Mangungu Mission and Horeke

The view from Mungungu Mission
The view from Mungungu Mission

Imagine standing on the front porch of your house looking out over the harbour to see 400 waka beached along the shore and 4000 Maori standing in your front garden. This would have been the case had you been at the Mangungu Mission on February 12th 1840 for the largest single signing of the Treaty of Waitangi. On that day over 70 Maori chiefs signed the Northland copy of the treaty.

For those of you not familiar with the signing of the Treaty. In total there are 9 copies of the Treaty, with only one in English the remainder are all in Maori. The Treaty  in it’s various forms did a travelling road show around the country being signed by Maori chiefs as it went. In total more than 500 chiefs signed one of the forms of the treaty.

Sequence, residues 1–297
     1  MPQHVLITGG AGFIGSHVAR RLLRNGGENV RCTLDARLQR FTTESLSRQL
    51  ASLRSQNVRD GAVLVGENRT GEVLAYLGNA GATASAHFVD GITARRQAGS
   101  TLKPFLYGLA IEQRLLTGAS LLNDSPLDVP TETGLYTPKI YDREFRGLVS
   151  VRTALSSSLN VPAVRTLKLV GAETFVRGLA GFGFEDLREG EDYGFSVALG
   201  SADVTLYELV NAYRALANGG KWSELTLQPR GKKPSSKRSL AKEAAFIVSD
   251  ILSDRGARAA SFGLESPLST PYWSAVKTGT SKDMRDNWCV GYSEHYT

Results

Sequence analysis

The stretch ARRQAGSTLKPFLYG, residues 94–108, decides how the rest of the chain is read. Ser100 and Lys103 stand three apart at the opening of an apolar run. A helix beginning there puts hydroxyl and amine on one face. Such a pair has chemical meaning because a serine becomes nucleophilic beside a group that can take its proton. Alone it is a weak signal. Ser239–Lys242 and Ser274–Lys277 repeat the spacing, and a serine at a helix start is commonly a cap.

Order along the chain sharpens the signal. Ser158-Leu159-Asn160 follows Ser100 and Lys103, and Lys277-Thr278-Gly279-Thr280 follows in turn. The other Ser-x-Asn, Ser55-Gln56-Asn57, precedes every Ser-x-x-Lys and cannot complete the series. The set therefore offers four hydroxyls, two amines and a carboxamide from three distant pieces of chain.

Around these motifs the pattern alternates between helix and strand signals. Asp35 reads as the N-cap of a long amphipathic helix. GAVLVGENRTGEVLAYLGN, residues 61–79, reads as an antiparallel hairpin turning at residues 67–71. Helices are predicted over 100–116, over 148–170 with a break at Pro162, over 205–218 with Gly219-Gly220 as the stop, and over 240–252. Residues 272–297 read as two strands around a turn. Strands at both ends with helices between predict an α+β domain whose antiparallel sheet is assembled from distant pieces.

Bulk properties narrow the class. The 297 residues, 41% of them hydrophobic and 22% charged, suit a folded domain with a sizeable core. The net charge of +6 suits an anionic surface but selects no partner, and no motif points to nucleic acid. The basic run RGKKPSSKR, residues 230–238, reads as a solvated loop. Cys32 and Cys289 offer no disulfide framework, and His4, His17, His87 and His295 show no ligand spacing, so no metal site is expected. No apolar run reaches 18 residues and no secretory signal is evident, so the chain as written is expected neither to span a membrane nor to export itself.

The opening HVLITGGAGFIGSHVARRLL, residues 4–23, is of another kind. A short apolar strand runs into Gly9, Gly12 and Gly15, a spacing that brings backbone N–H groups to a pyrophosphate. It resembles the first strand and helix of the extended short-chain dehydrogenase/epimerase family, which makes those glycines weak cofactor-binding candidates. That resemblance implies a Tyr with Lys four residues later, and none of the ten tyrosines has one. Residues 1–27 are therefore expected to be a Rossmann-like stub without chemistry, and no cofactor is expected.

Our visit to Mangungu Mission came about at the request of Landmarks Whenua Tohunga who asked me to visit some of the lessor known heritage sites around Northland and include them in my blog. To be honest I had never even heard of Mangungu and had no idea where it was. That’s where Google maps comes in handy I discovered that it’s close to the small village of Horeke as if that really helps! (just kidding)

A bit about Landmarks Whenua Tohunga and their role in this. Landmarks came together two years ago to promote some sites that where under control of Heritage New Zealand, DOC, Local Councils and Private Ownership. The aim of Landmarks Whenua Tohunga is to connect people with the awe-inspiring locations that have enriched the unique culture of Aotearoa New Zealand. Their aim is to send Kiwis as well as our international visitors on a cultural journey through New Zealand, encouraging them to visit and explore historically important sites.  Currently there are 9 sites in Northland of which we will explore and blog about 5.